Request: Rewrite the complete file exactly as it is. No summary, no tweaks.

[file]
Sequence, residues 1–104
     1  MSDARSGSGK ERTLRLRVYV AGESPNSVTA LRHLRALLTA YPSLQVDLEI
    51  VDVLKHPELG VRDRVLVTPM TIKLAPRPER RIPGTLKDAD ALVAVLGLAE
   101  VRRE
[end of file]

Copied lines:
Sequence, residues 1–104
     1  MSDARSGSGK ERTLRLRVYV AGESPNSVTA LRHLRALLTA YPSLQVDLEI
    51  VDVLKHPELG VRDRVLVTPM TIKLAPRPER RIPGTLKDAD ALVAVLGLAE
   101  VRRE